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5 Trends to Watch 2023: Health Care & FDA

  1. Growth of Medicare Advantage. Since its inception in 2006, the private plan alternative to traditional Medicare now covers nearly 48% of the entire country’s Medicare population—about 28.4 million Medicare beneficiaries nationwide. This figure is expected to pass the 50 percent mark in 2023 and reach 69 percent in 2030. Given that Medicare Advantage can offer extra benefits to those individuals in Medicare, it is likely to continue growing.

  2. New Cosmetic Regulatory Requirements. The Modernization of Cosmetic Regulation Act of 2022 is the first statutory change to the Food and Drug Administration’s (FDA) authority over cosmetics since 1938 and now requires manufacturers, importers, and processors of cosmetics to abide by requirements related to safety substantiation, adverse event reporting, product registration/listing, ingredient labeling, good manufacturing practices, and recordkeeping. The law also gives FDA mandatory recall authority over cosmetics and allows FDA to establish standardized testing methods for detecting and identifying asbestos in talc-containing products.

  3. Medicaid Eligibility and Enrollment Post-Public Health Emergency (PHE). The current PHE requires states to maintain Medicaid coverage for all individuals who enrolled during the COVID-19 pandemic, even if those individuals later experienced a change in circumstances that made them no longer eligible for Medicaid. Upon the end of the PHE, however, the Centers for Medicaid & Medicare Services has announced that states will have one year to initiate all eligibility reassessments and 14 months to complete them, which will likely result in millions of individuals losing Medicaid coverage. Most states have developed plans on unwinding certain requirements or finding ways to extend modify health professionals’ licensing requirements that have created greater efficiencies in offering services.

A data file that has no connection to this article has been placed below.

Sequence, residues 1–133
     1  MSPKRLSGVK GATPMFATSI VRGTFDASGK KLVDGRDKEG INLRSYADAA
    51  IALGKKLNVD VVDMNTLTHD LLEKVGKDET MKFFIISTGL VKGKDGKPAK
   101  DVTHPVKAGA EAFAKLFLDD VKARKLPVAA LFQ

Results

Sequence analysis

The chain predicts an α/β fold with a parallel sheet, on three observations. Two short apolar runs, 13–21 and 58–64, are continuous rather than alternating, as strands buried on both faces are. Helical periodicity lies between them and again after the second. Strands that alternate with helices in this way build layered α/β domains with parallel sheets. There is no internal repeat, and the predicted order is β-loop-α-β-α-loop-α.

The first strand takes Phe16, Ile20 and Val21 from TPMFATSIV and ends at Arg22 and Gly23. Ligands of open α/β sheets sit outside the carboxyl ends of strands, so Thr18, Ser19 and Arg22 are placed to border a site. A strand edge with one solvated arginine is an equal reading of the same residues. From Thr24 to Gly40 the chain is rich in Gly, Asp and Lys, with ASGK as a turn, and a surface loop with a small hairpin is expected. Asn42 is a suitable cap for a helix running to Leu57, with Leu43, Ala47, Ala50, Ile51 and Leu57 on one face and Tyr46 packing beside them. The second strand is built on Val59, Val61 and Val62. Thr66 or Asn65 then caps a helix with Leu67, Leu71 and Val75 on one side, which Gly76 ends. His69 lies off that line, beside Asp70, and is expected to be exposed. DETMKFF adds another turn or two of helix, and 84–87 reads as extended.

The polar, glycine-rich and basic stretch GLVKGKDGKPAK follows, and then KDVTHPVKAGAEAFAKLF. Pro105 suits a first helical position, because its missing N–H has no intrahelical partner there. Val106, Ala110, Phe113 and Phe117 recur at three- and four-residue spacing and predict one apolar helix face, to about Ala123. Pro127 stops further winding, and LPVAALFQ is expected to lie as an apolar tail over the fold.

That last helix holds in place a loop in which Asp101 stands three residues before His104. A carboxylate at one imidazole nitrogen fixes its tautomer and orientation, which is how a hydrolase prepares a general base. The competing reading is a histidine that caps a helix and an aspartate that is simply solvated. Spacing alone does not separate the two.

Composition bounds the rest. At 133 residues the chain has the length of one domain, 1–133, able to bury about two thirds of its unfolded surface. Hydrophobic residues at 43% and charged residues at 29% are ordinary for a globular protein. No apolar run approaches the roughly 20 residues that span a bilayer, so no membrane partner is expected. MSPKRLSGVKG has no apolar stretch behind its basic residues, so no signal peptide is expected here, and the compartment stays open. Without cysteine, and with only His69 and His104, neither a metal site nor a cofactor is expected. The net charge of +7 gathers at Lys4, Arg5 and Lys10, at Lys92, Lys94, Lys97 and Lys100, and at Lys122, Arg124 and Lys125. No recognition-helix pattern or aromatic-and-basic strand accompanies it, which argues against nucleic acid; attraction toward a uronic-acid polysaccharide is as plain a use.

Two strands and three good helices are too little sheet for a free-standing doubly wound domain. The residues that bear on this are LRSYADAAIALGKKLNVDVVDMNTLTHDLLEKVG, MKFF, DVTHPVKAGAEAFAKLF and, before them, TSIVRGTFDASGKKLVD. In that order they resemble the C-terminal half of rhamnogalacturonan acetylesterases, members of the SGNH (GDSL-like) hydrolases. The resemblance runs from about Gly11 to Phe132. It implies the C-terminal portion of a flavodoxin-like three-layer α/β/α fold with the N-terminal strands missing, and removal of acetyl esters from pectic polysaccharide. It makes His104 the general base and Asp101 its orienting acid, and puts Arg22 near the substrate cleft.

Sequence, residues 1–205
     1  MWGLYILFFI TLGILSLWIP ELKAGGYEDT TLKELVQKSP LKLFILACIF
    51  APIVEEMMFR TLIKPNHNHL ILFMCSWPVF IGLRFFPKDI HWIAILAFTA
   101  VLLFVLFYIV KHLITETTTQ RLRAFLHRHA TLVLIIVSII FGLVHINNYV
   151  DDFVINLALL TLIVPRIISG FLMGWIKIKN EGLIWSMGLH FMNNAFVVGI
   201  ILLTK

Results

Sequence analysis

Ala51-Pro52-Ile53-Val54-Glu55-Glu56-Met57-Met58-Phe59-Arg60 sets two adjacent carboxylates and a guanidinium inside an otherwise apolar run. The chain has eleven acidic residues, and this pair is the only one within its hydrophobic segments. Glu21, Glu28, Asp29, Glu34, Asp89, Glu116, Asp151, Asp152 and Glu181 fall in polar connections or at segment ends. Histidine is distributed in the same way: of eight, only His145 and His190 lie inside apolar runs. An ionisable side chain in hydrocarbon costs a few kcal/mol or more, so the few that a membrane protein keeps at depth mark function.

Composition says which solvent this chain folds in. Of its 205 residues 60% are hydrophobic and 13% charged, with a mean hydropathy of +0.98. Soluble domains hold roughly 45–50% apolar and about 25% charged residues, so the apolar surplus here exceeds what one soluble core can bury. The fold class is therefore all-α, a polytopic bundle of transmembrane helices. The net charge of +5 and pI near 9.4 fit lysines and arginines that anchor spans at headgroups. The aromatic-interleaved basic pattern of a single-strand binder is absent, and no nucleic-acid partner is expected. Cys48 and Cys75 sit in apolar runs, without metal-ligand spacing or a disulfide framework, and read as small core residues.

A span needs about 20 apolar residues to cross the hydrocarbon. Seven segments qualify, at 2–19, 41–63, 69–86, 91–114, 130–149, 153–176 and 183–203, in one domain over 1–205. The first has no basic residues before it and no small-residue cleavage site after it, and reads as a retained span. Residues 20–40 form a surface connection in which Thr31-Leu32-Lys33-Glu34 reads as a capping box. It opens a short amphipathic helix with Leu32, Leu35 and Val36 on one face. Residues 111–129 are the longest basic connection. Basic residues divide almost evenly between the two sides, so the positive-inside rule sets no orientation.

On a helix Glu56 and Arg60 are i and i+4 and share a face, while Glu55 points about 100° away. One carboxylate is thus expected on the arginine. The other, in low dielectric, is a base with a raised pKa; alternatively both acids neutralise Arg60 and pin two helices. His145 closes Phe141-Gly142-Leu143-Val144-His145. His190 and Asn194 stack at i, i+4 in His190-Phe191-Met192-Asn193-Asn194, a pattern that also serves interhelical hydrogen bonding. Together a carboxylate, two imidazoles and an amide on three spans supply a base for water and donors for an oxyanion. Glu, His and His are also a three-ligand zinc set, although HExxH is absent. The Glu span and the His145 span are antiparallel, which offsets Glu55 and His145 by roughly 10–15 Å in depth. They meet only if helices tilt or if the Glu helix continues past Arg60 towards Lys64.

4. Mergers & Acquisitions in 2023. In 2023, we expect that health care M&A will likely change as certain entities may require debt restructuring, there will be valuation changes in some markets. There are some areas that M&A may focus on, including Contract Research Organizations (CROs), U.S. manufacturing sites for devices, drugs, and biologics, continuing activity in the physician and dental practice management space, and continued alignment of providers and insurance plans to create greater synergies.

  5. Price Transparency. Federal price transparency requirements will continue to disrupt the healthcare industry in 2023. Unlike the 2021 Hospital Price Transparency Rule, the 2022 Transparency in Coverage Rule applies to health plans and health insurance issuers. Designed to phase-in over time, the Transparency in Coverage Rule first required health plans and health insurance issuers to publish certain basic patient cost-sharing information. Starting January 1, 2023, the federal government will require an internet-based self-service price comparison tool to generate cost-sharing estimates for 500 items and services. Whether these transparency requirements improve quality or outcomes for patients remains controversial, but insurers are required to comply or face stiff penalties.

* Special thanks to Law Clerk/JD Nicole Baptista for her valuable contributions to this article.

About The Authors

Greenberg Traurig’s multidisciplinary Health Care & FDA Practice provides strategic counsel to a diverse group of companies and other organizations, helping them to respond proactively to the rapidly changing health care marketplace. The group combines dedicated experience in health care regulatory compliance and operational matters with the firm’s capabilities in corporate & securities, finance, tax, antitrust, ERISA, commercial and governmental litigation, restructuring, intellectual property and biotechnology, in order to provide a wide range of legal services.